6 Activity Recording your mentor activities It is good practice for you to keep a record of your mentoring activities as evidence of meeting NMC standards. Write your record below. Keep this together with any other documentation you may have used with students and add details throughout the next year. This can then be filed in your portfolio and used as evidence for your triennial review and annual PDP/Appraisal with your line manager. My professional qualification/s Qualification Date My mentor qualification/s Qualification Date Update activities (eg workbook and or online) Include meetings with the AiP and or education lead/key mentor Type of mentor update activities Date NB: All the update opportunities have activities built into them to encourage discussion on assessment. Often AiP meetings in practice focus on discussing challenging situations so make sure these are recorded as updates. Students mentored (including under Due Regard) Name Branch Year commenced Dates mentored course (cohort) Triennial review Who with Date Next due Educational Placement Audit is an important quality control. Mentors should contribute to audit activities where possible. Find and record the answers to the questions below and get involved in implementing the audit action plan. If the NMC visited your placement area they might ask about audit. The person who completed the last UWE audit It was completed on Name Date I was involved in audit Yes No The action plan points are - list actions from audit 6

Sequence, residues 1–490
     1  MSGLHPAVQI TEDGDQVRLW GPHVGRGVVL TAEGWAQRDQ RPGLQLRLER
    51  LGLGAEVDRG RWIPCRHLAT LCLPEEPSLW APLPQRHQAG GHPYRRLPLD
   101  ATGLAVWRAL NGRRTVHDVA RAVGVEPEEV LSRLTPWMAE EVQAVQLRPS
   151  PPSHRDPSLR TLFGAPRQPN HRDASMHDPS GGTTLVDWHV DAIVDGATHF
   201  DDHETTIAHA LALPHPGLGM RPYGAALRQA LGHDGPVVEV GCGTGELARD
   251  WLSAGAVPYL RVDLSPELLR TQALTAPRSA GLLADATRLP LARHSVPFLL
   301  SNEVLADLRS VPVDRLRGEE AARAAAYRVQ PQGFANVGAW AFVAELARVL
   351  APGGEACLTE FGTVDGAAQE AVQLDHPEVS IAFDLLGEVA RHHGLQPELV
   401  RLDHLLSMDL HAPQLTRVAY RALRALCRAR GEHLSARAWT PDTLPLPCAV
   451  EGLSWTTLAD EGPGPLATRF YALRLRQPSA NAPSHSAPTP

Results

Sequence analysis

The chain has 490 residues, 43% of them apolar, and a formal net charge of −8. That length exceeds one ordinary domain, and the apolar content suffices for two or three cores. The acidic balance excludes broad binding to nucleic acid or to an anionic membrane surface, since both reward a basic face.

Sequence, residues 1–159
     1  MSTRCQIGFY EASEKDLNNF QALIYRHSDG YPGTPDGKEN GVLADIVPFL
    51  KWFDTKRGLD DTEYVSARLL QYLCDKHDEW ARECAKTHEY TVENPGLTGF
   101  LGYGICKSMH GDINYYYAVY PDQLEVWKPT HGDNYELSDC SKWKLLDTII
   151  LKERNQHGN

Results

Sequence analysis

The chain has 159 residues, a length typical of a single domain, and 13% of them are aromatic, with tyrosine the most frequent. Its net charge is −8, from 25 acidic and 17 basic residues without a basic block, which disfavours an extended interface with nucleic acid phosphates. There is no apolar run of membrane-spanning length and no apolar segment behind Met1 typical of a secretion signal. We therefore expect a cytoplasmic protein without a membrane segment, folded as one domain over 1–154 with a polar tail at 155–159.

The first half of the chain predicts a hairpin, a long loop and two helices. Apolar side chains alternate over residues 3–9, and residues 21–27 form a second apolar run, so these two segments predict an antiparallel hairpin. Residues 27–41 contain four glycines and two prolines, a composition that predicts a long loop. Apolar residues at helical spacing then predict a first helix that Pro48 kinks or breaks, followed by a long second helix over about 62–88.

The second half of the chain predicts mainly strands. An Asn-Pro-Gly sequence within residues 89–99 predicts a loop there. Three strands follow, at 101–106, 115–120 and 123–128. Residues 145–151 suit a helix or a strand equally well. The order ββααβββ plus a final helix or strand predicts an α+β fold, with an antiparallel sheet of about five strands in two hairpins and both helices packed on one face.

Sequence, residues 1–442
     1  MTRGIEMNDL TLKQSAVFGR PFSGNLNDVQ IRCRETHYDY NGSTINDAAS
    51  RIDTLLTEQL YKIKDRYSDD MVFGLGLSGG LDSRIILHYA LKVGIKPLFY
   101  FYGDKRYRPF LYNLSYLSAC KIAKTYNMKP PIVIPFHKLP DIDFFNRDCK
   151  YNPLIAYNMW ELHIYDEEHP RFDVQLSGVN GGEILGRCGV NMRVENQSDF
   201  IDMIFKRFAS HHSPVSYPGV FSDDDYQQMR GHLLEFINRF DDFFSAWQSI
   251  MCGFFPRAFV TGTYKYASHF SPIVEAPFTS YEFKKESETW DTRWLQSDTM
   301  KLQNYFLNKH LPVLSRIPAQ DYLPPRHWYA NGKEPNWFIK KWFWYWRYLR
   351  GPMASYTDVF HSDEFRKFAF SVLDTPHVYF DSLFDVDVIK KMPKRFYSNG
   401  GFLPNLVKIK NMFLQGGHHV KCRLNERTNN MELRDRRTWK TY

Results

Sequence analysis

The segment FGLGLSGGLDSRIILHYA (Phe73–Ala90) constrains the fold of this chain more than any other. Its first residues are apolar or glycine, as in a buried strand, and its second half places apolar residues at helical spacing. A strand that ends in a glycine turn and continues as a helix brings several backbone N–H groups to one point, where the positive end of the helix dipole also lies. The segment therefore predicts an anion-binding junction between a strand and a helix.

7 Student learning and assessment Hours in practice Nursing students have a longer academic year than non-professional programmes at UWE. This is because of the NMC requirement for practice and academic hours to be fulfilled. Students in full time programmes must have attended 2300 hours in practice over the three years training and completed 2300 hours of academic work. Students can take up to 5 years to complete a full time programme and 7 years to complete a part time programme (NMC 2010). The programmes have minimal time built in for occasional sickness or absence and the Professional Practice Office monitors missed hours from practice. Accurate completion of the student timesheet is therefore important so UWE can monitor practice hours and the NMC can be assured that registration requirements for hours have been achieved. Working shifts, weekends and bank holiday Nursing students work the hours appropriate for the placement eg shifts or office hours. They work 37.5 hours a week (30 hours SoLD hours on alternate weeks). Night duty can be worked with their mentor as it offers valuable experience. Students should be available to work one weekend in three if required. Working more weekends is negotiable and in some placements desirable to allow maximum learning opportunities. Students sometimes work bank holidays, please check on Practice Support Net. Working shifts present many learning opportunities for students but also problems including difficulties with shift hours not coinciding with public transport, travelling costs and family caring responsibilities. Mentors tend to allow flexibility and are mindful of the issues facing students. However if these issues start to impact negatively on student learning it is important that advice is sought from UWE. Students experience Student nurses report how much they enjoy working with their mentors. They often comment on mentors being their role models, as having high levels of skills and knowledge and a passion for nursing. Pre-planning is appreciated and access to a range of learning opportunities is valued. Of course students do occasionally report difficulties. General areas for improvement in mentoring include ensuring induction happens and completing the learning contract, midpoint and final assessments in good time as this helps students maximise their learning opportunities. Where this drifts, students can find it hard to focus on their learning and start to worry. Also raising problems with the student s performance early in the placement and helping the student understand what needs to improve and how they can demonstrate improvements in their practice helps reduce the risk of failing in practice. Notes 7